Arizona Could Be Out of Water in Six Years

Prolonged drought and a rapidly expanding population are pushing Arizona’s water system to its limit

An oasis in the desert. Tucson, Arizona, as seen from space. October 28, 2011. NASA Earth Observatory / Landsat 5 - TM

Arizona is bone dry, desiccated by the worst drought ever seen in the state's 110-year long observational record. The Grand Canyon State has been in drought conditions for a decade, and researchers think the dry spell could hold out for another 20 to 30 years, says the City of Phoenix.

That people have not been fleeing Arizona in droves, as they did from the plains during the 1930s Dust Bowl, is a miracle of hydrological engineering. But the magic won't last, and if things don't start to change Arizona is going to be in trouble fast, says the New York Times.

A quarter of Arizona's water comes from the Colorado River, and that river is running low. There's not enough water in the basin to keep Arizona's crucial Lake Mead reservoirs topped up. If changes aren't made to the entire multi-state hydrological system, says the Times, things could get bad.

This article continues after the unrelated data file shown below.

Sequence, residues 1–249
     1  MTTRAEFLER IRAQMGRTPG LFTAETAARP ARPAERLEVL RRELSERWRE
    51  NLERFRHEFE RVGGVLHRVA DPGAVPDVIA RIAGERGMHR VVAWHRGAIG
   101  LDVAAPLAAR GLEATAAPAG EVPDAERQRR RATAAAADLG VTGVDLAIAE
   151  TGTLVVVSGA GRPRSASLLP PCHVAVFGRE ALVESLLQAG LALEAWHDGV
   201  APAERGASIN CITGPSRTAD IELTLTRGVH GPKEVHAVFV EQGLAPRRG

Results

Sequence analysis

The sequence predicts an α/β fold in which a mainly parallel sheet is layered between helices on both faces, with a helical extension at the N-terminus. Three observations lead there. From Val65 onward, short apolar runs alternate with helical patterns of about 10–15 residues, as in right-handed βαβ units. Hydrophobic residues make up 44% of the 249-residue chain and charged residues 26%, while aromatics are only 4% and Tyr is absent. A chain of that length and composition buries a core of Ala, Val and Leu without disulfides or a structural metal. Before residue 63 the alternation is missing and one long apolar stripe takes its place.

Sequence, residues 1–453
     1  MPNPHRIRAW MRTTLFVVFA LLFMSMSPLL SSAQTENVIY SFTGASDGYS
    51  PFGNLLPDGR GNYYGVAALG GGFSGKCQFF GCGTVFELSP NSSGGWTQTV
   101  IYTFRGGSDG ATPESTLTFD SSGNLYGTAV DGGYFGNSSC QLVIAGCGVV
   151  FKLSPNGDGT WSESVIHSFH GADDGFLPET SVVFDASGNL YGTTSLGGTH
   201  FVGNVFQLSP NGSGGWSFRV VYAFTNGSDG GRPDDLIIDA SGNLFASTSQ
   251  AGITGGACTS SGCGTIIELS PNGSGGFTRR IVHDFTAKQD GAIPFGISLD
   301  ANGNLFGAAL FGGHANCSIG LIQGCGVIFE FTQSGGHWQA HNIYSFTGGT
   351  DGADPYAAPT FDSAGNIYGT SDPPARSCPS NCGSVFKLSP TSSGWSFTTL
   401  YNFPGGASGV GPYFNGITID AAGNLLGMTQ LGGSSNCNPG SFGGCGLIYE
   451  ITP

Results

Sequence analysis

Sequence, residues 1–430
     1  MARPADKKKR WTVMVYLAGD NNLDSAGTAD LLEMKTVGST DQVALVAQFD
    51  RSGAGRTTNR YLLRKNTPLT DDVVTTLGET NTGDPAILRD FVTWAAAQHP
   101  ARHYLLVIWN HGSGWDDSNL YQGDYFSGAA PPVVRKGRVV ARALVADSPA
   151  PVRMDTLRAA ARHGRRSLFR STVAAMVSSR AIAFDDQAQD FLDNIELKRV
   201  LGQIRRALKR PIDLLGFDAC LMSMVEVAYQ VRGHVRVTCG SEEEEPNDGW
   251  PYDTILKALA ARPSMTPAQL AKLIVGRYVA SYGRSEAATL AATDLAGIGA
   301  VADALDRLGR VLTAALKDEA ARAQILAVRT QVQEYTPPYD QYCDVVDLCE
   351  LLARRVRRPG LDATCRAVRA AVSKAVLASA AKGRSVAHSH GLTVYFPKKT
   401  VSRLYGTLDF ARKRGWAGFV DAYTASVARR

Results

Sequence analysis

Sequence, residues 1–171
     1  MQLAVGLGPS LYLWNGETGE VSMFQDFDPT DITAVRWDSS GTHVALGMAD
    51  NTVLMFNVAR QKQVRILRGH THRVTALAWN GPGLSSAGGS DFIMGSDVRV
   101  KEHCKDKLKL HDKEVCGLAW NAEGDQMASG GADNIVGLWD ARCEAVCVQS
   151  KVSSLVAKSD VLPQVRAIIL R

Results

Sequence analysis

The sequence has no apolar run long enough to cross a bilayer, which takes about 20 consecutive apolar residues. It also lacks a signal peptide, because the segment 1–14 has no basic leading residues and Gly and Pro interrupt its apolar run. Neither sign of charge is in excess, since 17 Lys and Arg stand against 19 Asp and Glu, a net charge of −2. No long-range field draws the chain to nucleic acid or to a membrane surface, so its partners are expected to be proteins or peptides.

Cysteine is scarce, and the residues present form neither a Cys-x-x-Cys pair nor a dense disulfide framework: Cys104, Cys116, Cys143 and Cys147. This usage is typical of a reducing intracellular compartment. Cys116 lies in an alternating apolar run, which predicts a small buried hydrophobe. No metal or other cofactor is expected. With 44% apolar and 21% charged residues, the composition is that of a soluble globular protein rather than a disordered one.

If upstream states continue to be unable to make up the shortage, Lake Mead, whose surface is now about 1,085 feet above sea level, will drop to 1,000 feet by 2020. Under present conditions, that would cut off most of Las Vegas’s water supply and much of Arizona’s. Phoenix gets about half its water from Lake Mead, and Tucson nearly all of its.

Aside from the Colorado and other rivers, Arizona does get about 44 percent of its water from groundwater. As a fall-back, some cities have already turned to pumping this water out of the ground. Yet groundwater is only renewable to an extent, so relying on it long term is not a real solution.

Even if the current problems can be solved, though, that doesn't mean Arizona will be free of water-related woes. According to the Environmental Protection Agency, climate change is going to make everything worse.

Warming has already contributed to decreases in spring snowpack and Colorado River flows, which are an important source of water for the region. Future warming is projected to produce more severe droughts in the region, with further reductions in water supplies. Future water scarcity will be compounded by the region's rapid population growth, which is the highest in the nation.

Arizona already has projects set up to recycle waste water, and they're looking to squeeze even more out of every drop. But that doesn't stop the fact that climate change and the prolonged drought have cut their upstream supply.

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